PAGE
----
I know many people who have opted to simply shave their heads because of the emotional stress of maintaining their hair. I know many who almost exclusively wear weaves and/or wigs because it reduces that stress and allows them to dedicate their time to other things in their life; work, family, socializing, exercise, etc. If I were to add up the number of hours that I have spent on caring for my hair in the past five years, I am certain that I would be appalled by the sum. And for a lot of naturals, the maintenance is expensive. Visits to salons and braiders rack up a large sum. Whether it be buying conditioners and oils or bundles and lace fronts. It adds up.

Black womxn especially are not permitted to talk about the things that are difficult for us. We get called ungrateful complainers. We get gaslighted. We get victim-blamed. This disregarding of our valid emotionality is due to both the Angry Black Womxn and Strong Black Womxn stereotypes. Our anger, no matter how legitimate, is immediately dismissed as being irrational and aimless. And admitting to being anything less than unbreakable leaves us disowned and dubbed as weak and useless, because “real Black Womxn”/”Black Queens” are inherently strong and can withstand anything. Black womxn have Battle Fatigue, and no one seems to be interested in addressing our psychological wounds. We aren’t allowed to be vulnerable, in any way.

We also aren’t afforded the luxury of foregoing an intentional hairstyle and opting for “bed head” for a day or two, lest we be openly criticized and reprimanded for it. Anti-Blackness works so that anything less than “presentable” according to white supremacist standards becomes wholly unacceptable and especially egregious. If we insist on wearing our natural hair, then it has to be palatable. The curls have to be poppin’ and shining. The edges have to be laid. The afro has to be picked just right. It has to look perfect, every moment, every day. Otherwise, don’t you dare come out of the house.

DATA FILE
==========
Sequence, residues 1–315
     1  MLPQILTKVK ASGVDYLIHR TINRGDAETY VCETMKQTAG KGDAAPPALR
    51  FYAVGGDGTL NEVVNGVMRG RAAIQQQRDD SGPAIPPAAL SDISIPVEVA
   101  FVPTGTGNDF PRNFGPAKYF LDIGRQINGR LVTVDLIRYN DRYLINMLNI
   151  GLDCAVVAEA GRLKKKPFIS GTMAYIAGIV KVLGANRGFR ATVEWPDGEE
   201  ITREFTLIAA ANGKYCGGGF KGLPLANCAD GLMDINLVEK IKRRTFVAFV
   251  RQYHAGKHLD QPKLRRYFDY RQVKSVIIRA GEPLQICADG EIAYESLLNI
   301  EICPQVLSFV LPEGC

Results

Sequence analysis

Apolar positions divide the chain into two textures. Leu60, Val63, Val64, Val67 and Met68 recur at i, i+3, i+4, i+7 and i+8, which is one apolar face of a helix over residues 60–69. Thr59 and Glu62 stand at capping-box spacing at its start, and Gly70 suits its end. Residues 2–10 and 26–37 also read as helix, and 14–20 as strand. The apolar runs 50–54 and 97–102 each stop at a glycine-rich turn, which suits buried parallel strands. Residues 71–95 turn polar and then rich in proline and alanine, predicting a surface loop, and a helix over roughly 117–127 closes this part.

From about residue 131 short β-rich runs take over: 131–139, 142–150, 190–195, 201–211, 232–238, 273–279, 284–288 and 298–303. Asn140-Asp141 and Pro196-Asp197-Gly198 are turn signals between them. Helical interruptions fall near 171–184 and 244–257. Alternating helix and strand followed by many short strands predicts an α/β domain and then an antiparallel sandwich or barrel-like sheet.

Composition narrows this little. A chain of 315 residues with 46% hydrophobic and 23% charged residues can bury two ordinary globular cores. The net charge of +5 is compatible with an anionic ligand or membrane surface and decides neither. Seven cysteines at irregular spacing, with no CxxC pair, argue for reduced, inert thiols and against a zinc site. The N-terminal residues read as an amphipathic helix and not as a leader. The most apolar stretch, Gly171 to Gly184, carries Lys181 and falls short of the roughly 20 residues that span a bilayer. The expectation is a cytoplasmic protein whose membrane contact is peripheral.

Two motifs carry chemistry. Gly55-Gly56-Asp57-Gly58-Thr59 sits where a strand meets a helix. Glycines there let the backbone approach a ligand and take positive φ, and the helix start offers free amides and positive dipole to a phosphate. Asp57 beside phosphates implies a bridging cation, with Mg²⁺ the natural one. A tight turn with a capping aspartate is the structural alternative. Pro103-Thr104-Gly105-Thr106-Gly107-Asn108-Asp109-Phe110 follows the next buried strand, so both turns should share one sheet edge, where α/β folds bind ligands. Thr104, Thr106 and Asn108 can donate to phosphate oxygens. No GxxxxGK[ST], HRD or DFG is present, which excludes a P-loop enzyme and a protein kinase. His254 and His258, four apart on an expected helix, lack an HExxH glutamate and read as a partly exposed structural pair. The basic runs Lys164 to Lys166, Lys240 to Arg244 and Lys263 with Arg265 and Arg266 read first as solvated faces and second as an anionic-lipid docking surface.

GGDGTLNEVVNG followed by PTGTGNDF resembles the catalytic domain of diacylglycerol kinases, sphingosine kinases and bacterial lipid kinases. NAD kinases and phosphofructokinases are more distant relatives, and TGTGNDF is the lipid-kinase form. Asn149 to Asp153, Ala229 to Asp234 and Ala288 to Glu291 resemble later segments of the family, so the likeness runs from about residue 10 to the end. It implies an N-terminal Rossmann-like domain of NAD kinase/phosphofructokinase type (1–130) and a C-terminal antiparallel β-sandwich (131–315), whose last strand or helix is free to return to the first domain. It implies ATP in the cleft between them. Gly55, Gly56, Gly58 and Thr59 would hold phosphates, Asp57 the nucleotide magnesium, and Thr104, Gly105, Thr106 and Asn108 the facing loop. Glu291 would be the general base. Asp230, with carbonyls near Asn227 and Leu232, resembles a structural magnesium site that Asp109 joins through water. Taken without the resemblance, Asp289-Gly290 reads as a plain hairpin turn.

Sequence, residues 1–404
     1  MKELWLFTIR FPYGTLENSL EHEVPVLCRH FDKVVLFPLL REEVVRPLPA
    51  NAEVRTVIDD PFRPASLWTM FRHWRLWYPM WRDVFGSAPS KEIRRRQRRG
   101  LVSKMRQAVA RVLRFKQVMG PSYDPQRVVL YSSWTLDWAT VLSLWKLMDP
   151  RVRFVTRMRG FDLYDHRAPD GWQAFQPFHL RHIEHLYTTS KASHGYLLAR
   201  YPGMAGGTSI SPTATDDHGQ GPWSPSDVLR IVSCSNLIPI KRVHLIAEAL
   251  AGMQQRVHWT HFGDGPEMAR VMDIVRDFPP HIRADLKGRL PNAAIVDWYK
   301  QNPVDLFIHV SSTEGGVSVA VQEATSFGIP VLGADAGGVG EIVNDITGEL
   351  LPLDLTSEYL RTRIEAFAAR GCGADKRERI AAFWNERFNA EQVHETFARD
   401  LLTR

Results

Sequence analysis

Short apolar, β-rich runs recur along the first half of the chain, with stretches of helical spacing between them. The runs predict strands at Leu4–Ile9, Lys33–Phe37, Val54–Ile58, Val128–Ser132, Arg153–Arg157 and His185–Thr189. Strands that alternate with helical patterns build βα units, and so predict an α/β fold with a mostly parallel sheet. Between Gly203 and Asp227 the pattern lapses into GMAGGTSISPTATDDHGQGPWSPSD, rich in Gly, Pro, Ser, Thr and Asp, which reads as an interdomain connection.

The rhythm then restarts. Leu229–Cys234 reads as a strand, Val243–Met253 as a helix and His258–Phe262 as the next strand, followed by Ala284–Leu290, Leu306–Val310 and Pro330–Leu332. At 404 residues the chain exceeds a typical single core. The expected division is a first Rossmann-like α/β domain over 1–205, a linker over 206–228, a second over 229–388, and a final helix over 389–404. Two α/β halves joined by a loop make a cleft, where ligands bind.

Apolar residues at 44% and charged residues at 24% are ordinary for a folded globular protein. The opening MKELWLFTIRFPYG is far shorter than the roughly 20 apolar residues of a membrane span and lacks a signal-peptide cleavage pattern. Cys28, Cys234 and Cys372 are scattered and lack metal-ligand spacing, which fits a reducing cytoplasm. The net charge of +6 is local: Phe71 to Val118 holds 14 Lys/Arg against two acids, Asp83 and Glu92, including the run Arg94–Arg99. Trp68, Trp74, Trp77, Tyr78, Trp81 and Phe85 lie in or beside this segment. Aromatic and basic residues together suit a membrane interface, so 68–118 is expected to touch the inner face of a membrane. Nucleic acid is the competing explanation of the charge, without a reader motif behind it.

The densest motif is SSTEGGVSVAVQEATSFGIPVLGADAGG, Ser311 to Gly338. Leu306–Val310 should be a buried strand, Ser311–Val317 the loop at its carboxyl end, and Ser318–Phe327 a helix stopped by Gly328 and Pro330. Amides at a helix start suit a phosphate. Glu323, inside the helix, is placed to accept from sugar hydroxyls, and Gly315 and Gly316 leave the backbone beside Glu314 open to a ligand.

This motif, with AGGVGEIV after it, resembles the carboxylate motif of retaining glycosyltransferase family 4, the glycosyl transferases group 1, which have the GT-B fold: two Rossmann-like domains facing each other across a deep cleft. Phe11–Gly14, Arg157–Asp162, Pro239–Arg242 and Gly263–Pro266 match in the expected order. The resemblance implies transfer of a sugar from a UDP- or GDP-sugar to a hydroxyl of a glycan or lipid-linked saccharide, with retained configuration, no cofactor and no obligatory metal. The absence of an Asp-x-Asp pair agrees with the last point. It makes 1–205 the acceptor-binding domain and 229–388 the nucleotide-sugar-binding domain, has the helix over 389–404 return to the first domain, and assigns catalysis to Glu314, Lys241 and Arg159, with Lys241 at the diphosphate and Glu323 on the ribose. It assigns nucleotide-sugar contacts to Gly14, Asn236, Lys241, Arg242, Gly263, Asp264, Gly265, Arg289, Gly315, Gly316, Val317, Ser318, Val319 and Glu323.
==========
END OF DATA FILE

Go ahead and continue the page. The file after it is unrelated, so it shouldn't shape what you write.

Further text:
It’s astonishing to me that some people still refuse to even admit that this maintenance ain’t easy for most of us. It is painstaking work, especially for those of us with the thickest curls, coils, and kinks. We can admit to it. We are allowed to own it. Nothing about being Black is easy, including our hair care. And we should be able to talk about our struggles with it without people attempting to silence us or diminish the magnitude of the issue. At the root, this is very much about people not caring about the amount of labor Black womxn especially have to do or what kind of daily barriers we have to traverse in order to maintain our hair.

If you struggle with your natural hair maintenance, you are not alone in your exhaustion. The crying fits. The panic attacks. Breaking combs and throwing hair brushes. The sheer rage at having to dedicate so much time and energy and money to our hair in order to look “presentable,” “professional,” and “acceptable” in a society where our hair is considered to be none of these things without first being tamed to fit white supremacist expectations. From our mothers, grandmothers, and aunties yelling or mumbling that we “need to do something to that hair,” to the hoteps who ask us to prove our authenticity and worth and “Queenliness” with our afros, to Carol in HR speaking softly to us about how our hair is “distracting” and “unprofessional.” The pressure to tailor our appearance in service of others is one that leaves us starved for a single moment of peace. Our hair is such a huge part of our daily battle against anti-Blackness, especially misogynoir, and we deserve to be able to wear it however we want or need, and we also need to be able to speak openly about the moments in which we feel overwhelmed, unsupported, and alone because of it.

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Sherronda (she/they) is an essayist, editor, and storyteller writing pop culture and media analysis through a Black feminist lens with historical and cultural context. They often find themselves transfixed by Black monstrosity, survival, and resistance in the horror genre and its many fantastical narratives, especially zombie lore. Read more of their work at Black Youth Project.